The papal nuncio on Catholic challenges

By Patsy Mcgarry
Irish Times
August 22, 2015

Papal Nuncio Archbishop Charles Brown believes relations between Ireland and the Vatican are now “quite good and immensely improved from four years ago”.
Photo by Eric Luke

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Ireland’s Catholic bishops have been praised by the papal nuncio, Archbishop Charles Brown, for the compassion with which they dealt with marriage-equality issues before May’s referendum.

He also says that the description of the referendum result as a defeat for humanity by the Vatican secretary of state, Cardinal Pietro Parolin, was more nuanced in the original Italian than translation.

The nuncio warns against Catholics becoming a caricature of themselves through a seeming preoccupation with moral issues to the exclusion of all others and rejects criticisms that there has been less consultation before the appointment of bishops since his arrival in Ireland, in 2012. He will not be drawn on whether priests have declined invitations to become bishops.

Relations between Ireland and the Vatican have improved immensely, he says. He does not accept criticisms of the Vatican and of his two immediate predecessors for lack of co-operation with the Murphy commission. In all such instances Rome followed what international law required.

On the Vatican’s handling of the clerical child sex-abuse crisis generally, he believes there was a growing awareness of the gravity of the issue through the 1990s but that there had been differences of approach by the Congregation for the Doctrine of the Faith, where he worked for 17 years before his arrival in Ireland, and that of the Congregation of Clergy.

The declining number of priests in Ireland is a huge problem, he said, but he remains very positive about the faith of the people.

His office as nuncio played no role in the disciplining of Irish priests by the Congregation for the Doctrine of the Faith, such as that of Fr Tony Flannery, but he says was kept informed in such cases.

Archbishop Brown acknowledges that January 2012, when he took up his post in Ireland, was a very difficult period.

Months previously, following the publication of the Cloyne report, in July 2011, Taoiseach Enda Kenny excoriated the Vatican in Dáil Éireann for lack of co-operation with the Murphy commission, which was investigating the handling of allegations of clerical child sexual abuse in the Dublin and Cloyne dioceses.

In October 2011 the nuncio at the time, Archbishop Giuseppe Leanza, left Ireland not to return, and in November 2011 Ireland’s Embassy to the Holy See was closed. It was “a time of difficulty, of tension”, his successor says.

Strained relations

Brown was “very, very surprised” when, at the end of 2011, Pope Benedict asked him to become nuncio to Ireland, partly because he had not served in diplomacy for the Vatican before and partly because of the “very strained relations between the Holy See and Ireland at that point in time”.

He believes that he was asked “because I spoke English and I have Irish connections. The extent to which Pope Benedict was actually aware of my Irish connections when he nominated me, I’m not 100 per cent sure.”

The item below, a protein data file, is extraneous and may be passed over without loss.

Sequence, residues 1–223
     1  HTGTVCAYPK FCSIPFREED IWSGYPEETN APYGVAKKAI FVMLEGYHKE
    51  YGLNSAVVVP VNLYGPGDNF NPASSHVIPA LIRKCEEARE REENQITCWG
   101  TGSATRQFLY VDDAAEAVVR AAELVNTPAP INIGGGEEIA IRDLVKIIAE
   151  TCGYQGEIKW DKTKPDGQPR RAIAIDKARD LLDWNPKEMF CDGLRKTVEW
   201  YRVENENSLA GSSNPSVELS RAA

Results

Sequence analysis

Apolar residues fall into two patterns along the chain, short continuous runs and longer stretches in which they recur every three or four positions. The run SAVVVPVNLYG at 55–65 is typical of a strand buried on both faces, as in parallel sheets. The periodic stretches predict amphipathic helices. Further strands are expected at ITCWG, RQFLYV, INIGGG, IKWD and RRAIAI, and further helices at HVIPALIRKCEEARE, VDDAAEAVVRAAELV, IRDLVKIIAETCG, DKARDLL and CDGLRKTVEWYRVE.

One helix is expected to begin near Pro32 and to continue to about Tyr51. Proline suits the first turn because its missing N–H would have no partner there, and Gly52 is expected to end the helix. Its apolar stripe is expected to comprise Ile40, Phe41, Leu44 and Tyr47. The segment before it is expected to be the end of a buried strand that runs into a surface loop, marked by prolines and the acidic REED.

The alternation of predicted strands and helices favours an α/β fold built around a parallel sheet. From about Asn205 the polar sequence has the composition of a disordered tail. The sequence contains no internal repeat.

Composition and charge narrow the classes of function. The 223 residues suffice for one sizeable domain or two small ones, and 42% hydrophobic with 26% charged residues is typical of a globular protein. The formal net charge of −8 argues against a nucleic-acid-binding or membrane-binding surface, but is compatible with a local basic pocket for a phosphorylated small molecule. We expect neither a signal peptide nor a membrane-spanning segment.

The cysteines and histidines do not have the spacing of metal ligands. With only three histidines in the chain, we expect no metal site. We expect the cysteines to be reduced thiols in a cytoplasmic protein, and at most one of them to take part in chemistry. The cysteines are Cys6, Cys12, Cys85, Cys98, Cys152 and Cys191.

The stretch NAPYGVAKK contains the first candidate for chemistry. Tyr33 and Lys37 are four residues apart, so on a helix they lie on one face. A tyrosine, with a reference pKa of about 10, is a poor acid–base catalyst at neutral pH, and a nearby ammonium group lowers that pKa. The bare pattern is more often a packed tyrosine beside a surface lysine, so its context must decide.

Of the nuncio’s eight great-grandparents, five were from Ireland.

Since arriving here Brown has made it his policy “absolutely” to get out and about among the people.

“It’s been wonderful. I think given the difficulties that existed in 2011, I thought it was important for me to do what Pope Francis has subsequently said . . . to go out. To open up the nunciature, to get out and see people, to ride the bus in Dublin, to go to parishes, schools, kindergartens, to old folks’ homes and to engage.”

He says that he believes relations between Ireland and the Vatican are now “quite good and immensely improved from four years ago”.

The reopening last year of the Irish Embassy to the Holy See “was really one of the most happy and joyful occasions that I’ve had since I’ve been nuncio here in Ireland . . . and the appointment of a terrific young and incredibly competent Ambassador, in the person of Emma Madigan, who is doing an amazing job in Rome and is well liked by, everyone including the pope.”

As to whether the Vatican and his two immediate predecessors as nuncios should have co-operated with Murphy commission investigations, he believes “that the Holy See, at that time, was following what international law required in those cases”.

On the perception that the Vatican hid behind protocols rather than hand over documents, he says that “these were decisions made on the basis of international law before I arrived about which I had no knowledge”.

Since the archbishop’s arrival in Ireland, 10 Catholic bishops have been appointed, with a vacancy in Killaloe diocese and four other bishops now over retirement age. None of the bishops appointed on his watch was from the diocese he now leads. This has led the Association of Catholic Priests to claim that there has been of lack of consultation before such appointments.

Brown is “not totally convinced that there has been a huge difference” in how bishops were appointed before his arrival and now. The appointments from outside dioceses was “not an absolute rule written in stone”, but he regards it as “fair to say that in the church universal, generally, for the past probably 10 or 15 years the tendency has been to appoint new bishops from outside dioceses”.

Consultation before the appointment of a bishop is “widespread”. The amount of documentation that goes to Rome about every episcopal candidate “ would be in the neighbourhood of 35 to 70 pages of consultation, of analysis, opinions, which the Congregation for Bishops and then Pope Francis himself goes through and decides on who the pope will choose as bishop.”

The other Irish bishops are also consulted. They, as elsewhere, “give to the nuncio every year or two years a list of candidates for the episcopate . . . Each province produces a list of candidates.”

‘Smell of the sheep’

What is being sought is someone, in “the words of Pope Francis, ‘who has the smell of the sheep’ ” off them. Someone “who will be a good father, pastor, brother to his priests, with everything that implies . . . someone who needs to be able to preach relatively well, and communicate the beauty of the Catholic faith to his people . . . someone who also needs to be able to administer relatively well”.